Meshamdutho and Meshumad le-Teavon: Motivation of Evil Doers in Syriac and Hebrew Terminological-Conceptual Traditions

Author: Avraham Yoskovich (University of Haifa, Israel)
Speaker: Avraham Yoskovich
Topic: Anthropological Linguistics
The (SCOPUS / ISI) SOAS GLOCAL COMELA 2020 General Session


Language can be a confusing mirror for relationship between communities while it enables connection and separation simultaneously. Indeed, Jewish and Christian communities had a close but complicated relationship in late antique-early Islamic period Babylon (the fertile crescent). That relationship revealed also in using similar dialects of Aramaic: Jewish Babylonian Aramaic and Christian Syriac Aramaic. My study describes changes and developments in the status of apostate (Heb. Meshumad) in the Jewish literature of late antiquity by examining terminological variations. In this presentation I wish to present the Syriac developments and compare the two in order to understand the mutual process in one terminological and conceptual case.

One such case is the idea of defining apostate not only by his wrong doing but  by seeking his motivation to do it. According to that model if an evil act originated from his desire or lewdness he should be judged in a more containing manner than if it originated by rage or theological purpose. It was phrased in Hebrew by the words Meshumad le-Teavon ‘apostate out of desire’. The second new word le-Teavon (for (his) desire), is a predicate added to the basic ancient term Meshumad, ‘apostate’. This model and new phrasing are connected mainly with Rava, who was a prominent sage who lived in 4th century CE in Mehoza, close to Ctesiphon, the capitol of the Persian Sassanian dynasty.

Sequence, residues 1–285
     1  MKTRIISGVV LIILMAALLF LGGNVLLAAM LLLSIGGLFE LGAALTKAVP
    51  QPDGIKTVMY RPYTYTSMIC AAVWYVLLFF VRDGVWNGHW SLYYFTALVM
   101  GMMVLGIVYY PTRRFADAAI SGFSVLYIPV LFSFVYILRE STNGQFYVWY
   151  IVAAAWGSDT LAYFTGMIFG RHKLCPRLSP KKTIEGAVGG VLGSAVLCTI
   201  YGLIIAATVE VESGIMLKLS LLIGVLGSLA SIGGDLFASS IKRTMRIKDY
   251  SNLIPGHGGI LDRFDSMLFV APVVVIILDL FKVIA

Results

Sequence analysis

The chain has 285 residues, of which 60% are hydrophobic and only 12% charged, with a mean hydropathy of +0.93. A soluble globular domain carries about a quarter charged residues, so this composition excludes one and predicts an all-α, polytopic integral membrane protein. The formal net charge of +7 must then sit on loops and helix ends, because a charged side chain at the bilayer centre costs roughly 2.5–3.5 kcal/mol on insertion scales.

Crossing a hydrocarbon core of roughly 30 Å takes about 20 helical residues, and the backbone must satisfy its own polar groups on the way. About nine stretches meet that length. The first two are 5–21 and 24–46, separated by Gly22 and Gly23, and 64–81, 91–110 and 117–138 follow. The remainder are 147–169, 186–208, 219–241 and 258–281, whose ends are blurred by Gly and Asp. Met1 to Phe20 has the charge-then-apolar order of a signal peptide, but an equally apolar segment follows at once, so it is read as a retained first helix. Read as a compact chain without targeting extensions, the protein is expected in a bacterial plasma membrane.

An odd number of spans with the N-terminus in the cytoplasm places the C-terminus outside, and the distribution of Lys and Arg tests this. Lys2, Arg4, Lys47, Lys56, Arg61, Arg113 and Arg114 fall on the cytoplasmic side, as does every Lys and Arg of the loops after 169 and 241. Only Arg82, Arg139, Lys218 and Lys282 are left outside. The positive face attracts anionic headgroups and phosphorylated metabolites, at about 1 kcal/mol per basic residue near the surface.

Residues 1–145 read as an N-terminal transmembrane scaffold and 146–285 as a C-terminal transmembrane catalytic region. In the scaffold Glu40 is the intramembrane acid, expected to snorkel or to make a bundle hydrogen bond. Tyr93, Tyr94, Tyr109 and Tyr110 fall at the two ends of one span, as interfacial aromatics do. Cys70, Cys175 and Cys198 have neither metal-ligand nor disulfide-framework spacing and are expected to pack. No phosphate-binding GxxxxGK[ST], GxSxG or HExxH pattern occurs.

The Syriac word Shmad is a well attested since the early testimonies of syriac literature, in different forms, connected to the semantic field of curse, ban and excommunication. Only in sources from the 5-6th centuries CE we find a new form of that root  Meshamdotho which means ‘lewdness’, ‘to be wanton’. The new form changes the focus of the root from describing the wrong doing and its social implication to describing his manner of doing, maybe even to the reason for his or her behavior.

My presentation will raise the question of the connection between those almost parallel changes. Are they related to one another? in what way? what is similar and what are the differences? Can we explain the reason for raising of a new paradigm in communal defining the apostates and wrong doers? I will examine few sources, Jewish and Christian, who relate to those terms and ideas.

Keywords: Jewish Babylonian Aramaic, Christian Syriac Aramaic. parallel changes